We would like to pay our workers better, but we also have to make sure that in the process we don’t kill the goose that lays the golden eggs. If we push the price too quickly without comparative increase in productivity, our garment industry will become uncompetitive.
I agree that it should be higher, but our record of increasing it five-fold should be applauded and the government should not be blamed.

Al Jazeera: The AL government has been accused of muzzling press freedom. What’s your response?
Rizvi: Print media has been under a legal framework. Digital media grew up without any control whatsoever. The Digital Security Act was an attempt to bring digital media under the same sort of law and accountability as the print media.
The main concern of the government was not to curb the people’s freedom of expression, but [to control] the use of media to incite violence.
We have had sectarian violence incited by false reporting and photoshopping [images]. And civilians have been killed. Entire villages in Chittagong Hill Tract and elsewhere were burned down, which government had to rebuild for them.

This was because of posting doctored photographs of supposedly insulting the prophet.
Government has a responsibility to protect the lives of the citizens. Today in [neighbouring] India, numerous incidents are taking place where internet is being used to fan up communal and sectarian violence. Doesn’t the government have a responsibility?
If there are clauses that give undue power to the police or which impinge on freedom of expression, I’m sure when the parliament comes up next after the election, we can change the laws. If we are convinced that this is problematic, then we will change the law, there is no doubt about that.

Al Jazeera: If the opposition contests the results, can you guarantee a free and open investigation?

Rizvi: International observers and international media are here, we look forward to your reports.

Much more important, it is voters who decide whether the outcome of the election reflects their preference. Ultimately it will be the verdict of the voters and whatever is the verdict we will respect as a democratic party.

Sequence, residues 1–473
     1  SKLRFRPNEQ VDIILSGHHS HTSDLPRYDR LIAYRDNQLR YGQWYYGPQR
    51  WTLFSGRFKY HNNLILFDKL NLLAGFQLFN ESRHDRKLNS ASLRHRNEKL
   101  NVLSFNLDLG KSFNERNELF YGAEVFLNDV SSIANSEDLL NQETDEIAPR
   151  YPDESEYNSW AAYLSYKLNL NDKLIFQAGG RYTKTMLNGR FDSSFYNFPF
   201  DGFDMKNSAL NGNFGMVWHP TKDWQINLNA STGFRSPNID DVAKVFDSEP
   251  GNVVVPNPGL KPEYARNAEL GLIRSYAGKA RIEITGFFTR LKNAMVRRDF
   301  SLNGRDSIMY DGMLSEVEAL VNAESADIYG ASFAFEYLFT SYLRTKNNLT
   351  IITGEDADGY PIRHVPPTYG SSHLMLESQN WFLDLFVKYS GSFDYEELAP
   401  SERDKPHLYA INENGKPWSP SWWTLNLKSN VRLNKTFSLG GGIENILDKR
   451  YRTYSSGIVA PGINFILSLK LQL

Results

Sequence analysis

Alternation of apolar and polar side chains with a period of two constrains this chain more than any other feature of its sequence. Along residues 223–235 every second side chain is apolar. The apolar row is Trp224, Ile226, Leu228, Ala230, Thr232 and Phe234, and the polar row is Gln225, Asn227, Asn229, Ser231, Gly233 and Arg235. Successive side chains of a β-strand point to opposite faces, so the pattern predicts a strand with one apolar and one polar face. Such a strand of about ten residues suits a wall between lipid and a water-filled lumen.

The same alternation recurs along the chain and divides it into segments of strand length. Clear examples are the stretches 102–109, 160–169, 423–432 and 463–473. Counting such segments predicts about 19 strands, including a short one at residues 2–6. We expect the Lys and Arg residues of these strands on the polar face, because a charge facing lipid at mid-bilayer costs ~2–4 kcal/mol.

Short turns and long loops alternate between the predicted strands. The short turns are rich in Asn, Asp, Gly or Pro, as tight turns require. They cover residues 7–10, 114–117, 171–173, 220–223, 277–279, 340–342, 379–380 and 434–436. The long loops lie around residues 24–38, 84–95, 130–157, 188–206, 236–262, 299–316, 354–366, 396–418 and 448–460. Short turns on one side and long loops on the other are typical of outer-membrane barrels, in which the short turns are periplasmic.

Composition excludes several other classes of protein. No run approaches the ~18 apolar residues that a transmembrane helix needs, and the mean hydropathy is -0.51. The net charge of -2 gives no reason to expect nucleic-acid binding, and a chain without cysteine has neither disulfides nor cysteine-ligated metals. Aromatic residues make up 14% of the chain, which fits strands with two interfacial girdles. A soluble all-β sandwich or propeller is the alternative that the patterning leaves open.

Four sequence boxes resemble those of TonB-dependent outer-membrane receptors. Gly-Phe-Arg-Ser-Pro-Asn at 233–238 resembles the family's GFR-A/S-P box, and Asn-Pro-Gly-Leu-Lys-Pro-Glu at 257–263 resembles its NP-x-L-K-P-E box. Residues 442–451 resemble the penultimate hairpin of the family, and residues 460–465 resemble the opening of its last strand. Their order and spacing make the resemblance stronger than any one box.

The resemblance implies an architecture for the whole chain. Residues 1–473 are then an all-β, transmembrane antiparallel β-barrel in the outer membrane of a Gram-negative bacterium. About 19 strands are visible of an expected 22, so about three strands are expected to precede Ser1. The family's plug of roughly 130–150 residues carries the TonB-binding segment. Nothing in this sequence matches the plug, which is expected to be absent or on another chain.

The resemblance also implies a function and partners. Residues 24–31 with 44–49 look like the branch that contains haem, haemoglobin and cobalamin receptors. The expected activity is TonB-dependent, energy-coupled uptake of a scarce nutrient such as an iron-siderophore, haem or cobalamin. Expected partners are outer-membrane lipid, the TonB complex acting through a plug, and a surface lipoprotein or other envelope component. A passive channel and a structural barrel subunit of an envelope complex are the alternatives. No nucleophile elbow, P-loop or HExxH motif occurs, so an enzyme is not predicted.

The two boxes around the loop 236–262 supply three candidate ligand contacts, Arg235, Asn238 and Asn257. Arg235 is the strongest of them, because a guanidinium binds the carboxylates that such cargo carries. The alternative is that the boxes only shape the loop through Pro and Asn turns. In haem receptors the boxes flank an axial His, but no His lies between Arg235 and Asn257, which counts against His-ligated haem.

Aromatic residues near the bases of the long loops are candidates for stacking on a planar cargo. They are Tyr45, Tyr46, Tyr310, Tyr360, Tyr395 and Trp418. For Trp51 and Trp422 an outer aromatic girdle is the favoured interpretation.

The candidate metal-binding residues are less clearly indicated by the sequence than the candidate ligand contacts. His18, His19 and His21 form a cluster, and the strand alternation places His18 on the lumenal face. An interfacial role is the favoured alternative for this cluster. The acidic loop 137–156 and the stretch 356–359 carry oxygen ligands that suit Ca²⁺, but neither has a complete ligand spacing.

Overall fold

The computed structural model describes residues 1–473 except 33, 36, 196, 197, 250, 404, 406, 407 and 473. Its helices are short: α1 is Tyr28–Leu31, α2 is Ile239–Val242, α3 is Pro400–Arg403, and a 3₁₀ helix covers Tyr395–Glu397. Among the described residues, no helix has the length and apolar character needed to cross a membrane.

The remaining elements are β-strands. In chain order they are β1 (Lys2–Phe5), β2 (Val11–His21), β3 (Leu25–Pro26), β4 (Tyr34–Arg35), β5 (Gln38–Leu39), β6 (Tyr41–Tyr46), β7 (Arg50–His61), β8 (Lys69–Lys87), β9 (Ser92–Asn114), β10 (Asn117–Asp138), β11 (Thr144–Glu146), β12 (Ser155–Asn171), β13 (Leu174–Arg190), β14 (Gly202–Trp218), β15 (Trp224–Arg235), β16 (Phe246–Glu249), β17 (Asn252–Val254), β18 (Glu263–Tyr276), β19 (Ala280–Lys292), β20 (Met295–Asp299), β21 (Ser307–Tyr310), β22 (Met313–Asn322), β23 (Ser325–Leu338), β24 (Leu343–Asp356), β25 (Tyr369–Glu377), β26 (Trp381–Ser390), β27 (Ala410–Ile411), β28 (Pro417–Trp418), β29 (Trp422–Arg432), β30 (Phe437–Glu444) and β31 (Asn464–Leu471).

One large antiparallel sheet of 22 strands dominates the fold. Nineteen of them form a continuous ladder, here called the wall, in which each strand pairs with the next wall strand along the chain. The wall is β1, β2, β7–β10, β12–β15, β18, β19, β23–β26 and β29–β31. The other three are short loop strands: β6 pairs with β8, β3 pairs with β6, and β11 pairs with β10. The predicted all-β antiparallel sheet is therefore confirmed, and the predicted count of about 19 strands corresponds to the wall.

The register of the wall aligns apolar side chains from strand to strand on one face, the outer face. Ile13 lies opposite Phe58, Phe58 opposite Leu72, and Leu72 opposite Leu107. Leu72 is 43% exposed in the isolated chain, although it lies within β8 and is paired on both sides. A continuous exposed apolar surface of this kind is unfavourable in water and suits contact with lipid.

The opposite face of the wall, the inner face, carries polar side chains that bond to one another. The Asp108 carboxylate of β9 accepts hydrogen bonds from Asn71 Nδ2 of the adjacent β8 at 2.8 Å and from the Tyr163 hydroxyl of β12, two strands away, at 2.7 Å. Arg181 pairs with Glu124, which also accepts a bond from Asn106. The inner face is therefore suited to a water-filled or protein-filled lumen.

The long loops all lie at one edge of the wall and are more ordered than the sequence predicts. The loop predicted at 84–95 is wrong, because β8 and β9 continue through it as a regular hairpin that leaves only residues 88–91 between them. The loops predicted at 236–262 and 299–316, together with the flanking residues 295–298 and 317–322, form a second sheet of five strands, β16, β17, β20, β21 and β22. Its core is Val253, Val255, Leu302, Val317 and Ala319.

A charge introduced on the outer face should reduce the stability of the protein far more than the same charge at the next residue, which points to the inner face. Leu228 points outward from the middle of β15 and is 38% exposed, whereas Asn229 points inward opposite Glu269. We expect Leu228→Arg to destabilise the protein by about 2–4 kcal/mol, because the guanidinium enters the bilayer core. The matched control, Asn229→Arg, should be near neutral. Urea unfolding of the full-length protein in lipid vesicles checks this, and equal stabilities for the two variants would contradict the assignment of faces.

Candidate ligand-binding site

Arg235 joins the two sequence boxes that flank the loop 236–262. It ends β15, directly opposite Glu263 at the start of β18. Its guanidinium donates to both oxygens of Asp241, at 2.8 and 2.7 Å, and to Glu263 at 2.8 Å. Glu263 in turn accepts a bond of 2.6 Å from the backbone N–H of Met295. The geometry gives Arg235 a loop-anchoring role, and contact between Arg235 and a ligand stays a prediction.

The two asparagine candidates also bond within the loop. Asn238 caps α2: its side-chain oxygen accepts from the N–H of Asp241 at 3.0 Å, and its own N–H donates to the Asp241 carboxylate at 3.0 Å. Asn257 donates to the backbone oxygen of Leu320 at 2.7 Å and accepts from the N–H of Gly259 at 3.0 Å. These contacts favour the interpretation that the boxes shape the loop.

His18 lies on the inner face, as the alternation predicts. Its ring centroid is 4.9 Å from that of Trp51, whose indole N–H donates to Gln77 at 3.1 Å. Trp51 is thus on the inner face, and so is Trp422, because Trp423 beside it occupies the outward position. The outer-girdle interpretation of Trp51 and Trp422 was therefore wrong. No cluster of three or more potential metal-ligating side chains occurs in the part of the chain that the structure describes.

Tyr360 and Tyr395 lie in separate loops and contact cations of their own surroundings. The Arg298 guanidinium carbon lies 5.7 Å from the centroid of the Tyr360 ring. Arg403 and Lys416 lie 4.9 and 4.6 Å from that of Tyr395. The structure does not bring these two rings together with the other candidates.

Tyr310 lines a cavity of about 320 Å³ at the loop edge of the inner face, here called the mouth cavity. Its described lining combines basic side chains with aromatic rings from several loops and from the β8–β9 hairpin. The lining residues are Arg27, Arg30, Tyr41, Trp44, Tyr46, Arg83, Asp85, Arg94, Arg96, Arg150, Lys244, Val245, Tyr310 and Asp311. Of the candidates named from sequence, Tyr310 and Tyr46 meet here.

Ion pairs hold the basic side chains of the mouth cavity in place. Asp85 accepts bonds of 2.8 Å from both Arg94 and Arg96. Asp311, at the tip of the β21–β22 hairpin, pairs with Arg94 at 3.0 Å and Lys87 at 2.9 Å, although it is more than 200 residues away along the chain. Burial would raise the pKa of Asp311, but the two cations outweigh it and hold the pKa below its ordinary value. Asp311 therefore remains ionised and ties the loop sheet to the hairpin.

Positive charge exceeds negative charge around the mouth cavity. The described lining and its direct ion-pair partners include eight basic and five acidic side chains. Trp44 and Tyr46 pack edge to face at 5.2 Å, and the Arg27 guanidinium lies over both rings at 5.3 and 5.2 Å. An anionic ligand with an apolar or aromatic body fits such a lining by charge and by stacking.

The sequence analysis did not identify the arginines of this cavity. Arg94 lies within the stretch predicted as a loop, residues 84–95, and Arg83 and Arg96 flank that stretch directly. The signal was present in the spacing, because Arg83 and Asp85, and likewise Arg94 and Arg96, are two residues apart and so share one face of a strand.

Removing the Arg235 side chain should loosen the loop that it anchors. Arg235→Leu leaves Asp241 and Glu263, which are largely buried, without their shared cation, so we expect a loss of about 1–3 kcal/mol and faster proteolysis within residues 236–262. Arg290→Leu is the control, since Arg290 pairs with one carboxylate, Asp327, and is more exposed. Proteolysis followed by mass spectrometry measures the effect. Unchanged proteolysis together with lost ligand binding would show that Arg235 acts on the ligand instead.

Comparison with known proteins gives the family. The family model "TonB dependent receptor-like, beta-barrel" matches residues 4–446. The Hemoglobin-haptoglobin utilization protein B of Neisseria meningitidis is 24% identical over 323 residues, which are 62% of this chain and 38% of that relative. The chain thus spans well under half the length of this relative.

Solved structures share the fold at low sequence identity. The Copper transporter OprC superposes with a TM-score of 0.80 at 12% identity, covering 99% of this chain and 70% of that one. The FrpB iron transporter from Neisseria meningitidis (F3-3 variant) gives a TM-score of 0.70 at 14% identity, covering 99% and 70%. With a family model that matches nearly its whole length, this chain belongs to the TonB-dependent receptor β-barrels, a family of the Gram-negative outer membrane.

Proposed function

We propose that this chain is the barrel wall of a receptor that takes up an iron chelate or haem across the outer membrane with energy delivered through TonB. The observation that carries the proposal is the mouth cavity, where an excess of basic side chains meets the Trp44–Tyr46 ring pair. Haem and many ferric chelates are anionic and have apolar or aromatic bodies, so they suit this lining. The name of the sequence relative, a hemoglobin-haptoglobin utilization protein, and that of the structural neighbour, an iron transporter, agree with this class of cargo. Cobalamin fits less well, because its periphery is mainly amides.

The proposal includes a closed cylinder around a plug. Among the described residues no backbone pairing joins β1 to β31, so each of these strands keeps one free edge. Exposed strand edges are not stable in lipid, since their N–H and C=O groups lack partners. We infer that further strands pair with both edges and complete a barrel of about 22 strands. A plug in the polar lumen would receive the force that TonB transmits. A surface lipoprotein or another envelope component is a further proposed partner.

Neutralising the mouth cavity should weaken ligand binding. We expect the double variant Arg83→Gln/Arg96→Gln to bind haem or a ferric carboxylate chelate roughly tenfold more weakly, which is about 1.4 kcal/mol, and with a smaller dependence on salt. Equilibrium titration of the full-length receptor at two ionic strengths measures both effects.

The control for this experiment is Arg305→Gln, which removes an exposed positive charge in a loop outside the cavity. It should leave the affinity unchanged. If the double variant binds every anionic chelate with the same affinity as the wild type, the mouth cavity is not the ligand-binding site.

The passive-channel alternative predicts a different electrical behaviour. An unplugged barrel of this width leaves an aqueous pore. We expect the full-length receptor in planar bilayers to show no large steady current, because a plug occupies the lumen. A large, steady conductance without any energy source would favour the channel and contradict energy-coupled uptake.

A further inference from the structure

Al Jazeera: Bangladesh hosts nearly one million Rohingya refugees, but activists have criticised Dhaka for signing a repatriation deal with Myanmar – one that is cloaked in secrecy.
Rizvi: We have not struck any deals with Myanmar. An agreement was signed, which was basically to agree about the repatriation of Rohingya back to Myanmar.
Bangladesh, a densely populated country with its own economic stresses, has been hosting close to a million refugees, the like of which has not been done by any other country.

And then to accuse Bangladesh of hiding facts is not acceptable.
We made it clear from the very start that we will not do forcible repatriation. We demanded that the condition in Myanmar is made safe so they can return. We also demanded that international organisations be present in Myanmar to ensure that there is no repetition of genocide and human rights violations.
We have had the refugees for more than a year and we have not sent back one Rohingya. It is a responsibility of Myanmar to implement the Kofi Annan Commission report, which it itself instituted.

So, please take this criticism to Naypyidaw [Myanmar’s capital] and to the world community and ask them why they are not doing enough.

The elections, seen as a referendum on Prime Minister Sheikh Hasina’s rule, are taking place amid reports of deadly violence [Mahmud Hossain Opu/Al Jazeera]
Source: Al Jazeera